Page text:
In 1949, Zenon and his mother emigrated to Israel, where Zenon changed his name to Zalman Shiffer. Eventually, Zenon (now known as Zalman,) became a prominent economist and is known today as Dr. Zalman Shiffer.
During their first few years in Israel, Zalman and his mother corresponded with the Maternes. Eventually, however, the two families lost contact. When Zenon returned to Brussels in 1965, he was unable to trace neither the Maternes nor Juanito – who had been like a brother to Zalman.
All of his attempts to reestablish contact with his rescuers and Juanito, were fruitless.
In October 2009, Dr. Zalman Shiffer was interviewed by the famous journalist and TV reporter Henrique Cymerman, of La Vanguardia and Antenna 3. In this interview, Zalman made a public appeal to trace his beloved Juanito.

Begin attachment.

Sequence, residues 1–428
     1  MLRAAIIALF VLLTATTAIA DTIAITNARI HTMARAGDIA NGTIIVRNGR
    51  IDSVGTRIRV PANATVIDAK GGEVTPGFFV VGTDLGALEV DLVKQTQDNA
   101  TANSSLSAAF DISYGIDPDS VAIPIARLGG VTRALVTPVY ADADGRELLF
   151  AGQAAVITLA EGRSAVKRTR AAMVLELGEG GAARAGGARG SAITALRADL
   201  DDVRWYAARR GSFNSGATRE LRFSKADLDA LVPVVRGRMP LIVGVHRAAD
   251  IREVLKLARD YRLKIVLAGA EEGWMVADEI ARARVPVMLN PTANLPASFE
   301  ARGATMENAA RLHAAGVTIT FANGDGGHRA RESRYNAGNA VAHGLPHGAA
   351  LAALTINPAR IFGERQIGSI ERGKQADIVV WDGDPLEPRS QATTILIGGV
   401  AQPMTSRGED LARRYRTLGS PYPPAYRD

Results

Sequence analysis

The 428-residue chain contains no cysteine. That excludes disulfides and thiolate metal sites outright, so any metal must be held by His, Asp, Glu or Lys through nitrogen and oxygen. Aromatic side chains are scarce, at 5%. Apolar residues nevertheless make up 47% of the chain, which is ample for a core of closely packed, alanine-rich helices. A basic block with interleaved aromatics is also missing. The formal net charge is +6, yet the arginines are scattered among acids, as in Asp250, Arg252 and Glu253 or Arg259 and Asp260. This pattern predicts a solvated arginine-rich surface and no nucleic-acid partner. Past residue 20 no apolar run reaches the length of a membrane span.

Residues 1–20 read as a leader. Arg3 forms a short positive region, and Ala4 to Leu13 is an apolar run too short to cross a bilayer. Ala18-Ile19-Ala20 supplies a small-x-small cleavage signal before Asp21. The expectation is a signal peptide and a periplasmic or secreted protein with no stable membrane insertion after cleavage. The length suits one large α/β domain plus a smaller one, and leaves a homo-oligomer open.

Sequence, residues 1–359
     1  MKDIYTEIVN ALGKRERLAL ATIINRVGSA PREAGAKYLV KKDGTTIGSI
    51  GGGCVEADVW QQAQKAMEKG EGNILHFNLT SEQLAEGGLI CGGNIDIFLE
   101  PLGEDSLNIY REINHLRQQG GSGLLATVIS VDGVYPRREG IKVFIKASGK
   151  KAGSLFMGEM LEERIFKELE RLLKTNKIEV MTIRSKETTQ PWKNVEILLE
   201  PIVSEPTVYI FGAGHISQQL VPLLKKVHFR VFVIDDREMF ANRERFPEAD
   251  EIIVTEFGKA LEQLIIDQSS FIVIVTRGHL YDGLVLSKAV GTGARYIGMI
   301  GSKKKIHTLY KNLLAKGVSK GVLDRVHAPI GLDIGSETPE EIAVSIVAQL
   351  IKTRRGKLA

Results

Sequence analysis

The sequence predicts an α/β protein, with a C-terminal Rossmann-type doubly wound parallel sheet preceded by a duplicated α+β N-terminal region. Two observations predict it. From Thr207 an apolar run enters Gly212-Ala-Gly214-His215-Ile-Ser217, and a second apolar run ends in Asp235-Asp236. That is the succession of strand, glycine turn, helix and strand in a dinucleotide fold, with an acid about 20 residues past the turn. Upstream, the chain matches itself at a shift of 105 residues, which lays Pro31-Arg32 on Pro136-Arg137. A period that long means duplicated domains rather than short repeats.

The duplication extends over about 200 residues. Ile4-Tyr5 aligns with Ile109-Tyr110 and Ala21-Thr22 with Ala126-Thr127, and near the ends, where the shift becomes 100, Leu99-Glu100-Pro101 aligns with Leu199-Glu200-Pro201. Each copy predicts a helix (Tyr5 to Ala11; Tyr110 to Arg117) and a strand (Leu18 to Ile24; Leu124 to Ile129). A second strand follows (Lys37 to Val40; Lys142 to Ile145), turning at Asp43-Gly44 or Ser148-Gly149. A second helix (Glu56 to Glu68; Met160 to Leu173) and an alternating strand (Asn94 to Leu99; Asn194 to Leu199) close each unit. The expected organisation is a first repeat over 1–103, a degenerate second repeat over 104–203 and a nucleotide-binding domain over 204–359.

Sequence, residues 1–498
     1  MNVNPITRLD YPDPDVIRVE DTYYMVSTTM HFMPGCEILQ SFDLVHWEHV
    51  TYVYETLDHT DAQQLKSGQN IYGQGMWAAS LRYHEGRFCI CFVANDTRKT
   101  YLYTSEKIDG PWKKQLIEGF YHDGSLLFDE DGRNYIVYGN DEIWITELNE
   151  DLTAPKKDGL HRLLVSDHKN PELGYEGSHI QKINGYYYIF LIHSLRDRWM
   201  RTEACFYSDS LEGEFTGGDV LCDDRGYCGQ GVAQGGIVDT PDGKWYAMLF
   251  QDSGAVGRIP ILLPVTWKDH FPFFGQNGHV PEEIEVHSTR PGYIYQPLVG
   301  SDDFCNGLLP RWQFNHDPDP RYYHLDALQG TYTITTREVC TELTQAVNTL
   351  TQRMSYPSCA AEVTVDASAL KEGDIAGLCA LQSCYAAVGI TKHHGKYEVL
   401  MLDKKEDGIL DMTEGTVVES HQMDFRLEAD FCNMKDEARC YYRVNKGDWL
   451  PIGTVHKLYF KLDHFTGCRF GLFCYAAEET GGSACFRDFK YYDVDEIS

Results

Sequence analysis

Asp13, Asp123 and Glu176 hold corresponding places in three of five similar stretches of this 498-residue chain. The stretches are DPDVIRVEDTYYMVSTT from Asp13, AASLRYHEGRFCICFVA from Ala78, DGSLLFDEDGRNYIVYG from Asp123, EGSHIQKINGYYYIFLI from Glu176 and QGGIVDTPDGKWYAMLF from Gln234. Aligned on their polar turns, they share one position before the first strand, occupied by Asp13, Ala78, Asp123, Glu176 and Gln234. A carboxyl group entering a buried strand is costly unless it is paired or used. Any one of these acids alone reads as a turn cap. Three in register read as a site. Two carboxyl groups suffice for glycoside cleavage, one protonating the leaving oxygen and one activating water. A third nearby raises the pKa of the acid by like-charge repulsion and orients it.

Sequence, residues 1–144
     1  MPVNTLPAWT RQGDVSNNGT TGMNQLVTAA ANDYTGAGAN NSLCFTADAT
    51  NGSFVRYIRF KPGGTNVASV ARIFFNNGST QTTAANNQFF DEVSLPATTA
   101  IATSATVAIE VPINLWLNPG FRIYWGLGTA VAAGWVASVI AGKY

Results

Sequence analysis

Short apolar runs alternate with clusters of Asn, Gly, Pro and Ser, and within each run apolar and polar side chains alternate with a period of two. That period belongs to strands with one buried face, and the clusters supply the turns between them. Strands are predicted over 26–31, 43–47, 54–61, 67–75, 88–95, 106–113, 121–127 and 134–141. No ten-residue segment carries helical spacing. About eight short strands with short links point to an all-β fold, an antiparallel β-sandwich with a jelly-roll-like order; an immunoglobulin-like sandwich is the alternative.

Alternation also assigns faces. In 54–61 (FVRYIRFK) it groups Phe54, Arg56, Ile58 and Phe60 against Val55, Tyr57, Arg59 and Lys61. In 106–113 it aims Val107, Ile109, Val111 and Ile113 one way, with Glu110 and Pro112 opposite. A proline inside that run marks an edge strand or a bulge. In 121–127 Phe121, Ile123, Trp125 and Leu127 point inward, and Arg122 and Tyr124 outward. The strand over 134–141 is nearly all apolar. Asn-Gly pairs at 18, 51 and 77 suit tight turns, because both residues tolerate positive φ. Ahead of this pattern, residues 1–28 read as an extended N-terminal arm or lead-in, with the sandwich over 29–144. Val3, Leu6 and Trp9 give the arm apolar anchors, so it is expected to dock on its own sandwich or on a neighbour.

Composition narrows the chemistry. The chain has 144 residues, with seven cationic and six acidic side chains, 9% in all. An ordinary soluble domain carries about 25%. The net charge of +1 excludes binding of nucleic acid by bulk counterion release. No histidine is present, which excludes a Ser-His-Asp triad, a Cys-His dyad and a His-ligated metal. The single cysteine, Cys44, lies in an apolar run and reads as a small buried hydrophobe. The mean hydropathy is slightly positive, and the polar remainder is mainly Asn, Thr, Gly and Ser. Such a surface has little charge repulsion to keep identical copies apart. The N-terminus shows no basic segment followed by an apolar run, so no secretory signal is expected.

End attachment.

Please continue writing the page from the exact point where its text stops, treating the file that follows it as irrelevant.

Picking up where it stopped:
The IRWF was informed about this case and immediately mobilized volunteers in several countries, in search for Juanito.
Eventually, this worldwide campaign succeeded. Unfortunately, Juan Manrubia Sanchez (Juanito) had passed away in 2003. He was adopted by Louise and Joseph Materne, and became Juan Materne. Materne remained in Belgium, and married there. His three surviving children, Daniel, Patricia and Jean-Claude are back in touch with their ”uncle” Zenon.
This important mission was accomplished, but for the IRWF, the work is far from over.
Our team of researchers and volunteers are now collecting evidence to build-up a file that will be conveyed to Yad Vashem, with the recommendation to posthumously declare Louise and Joseph Materne, Righteous among the Nations.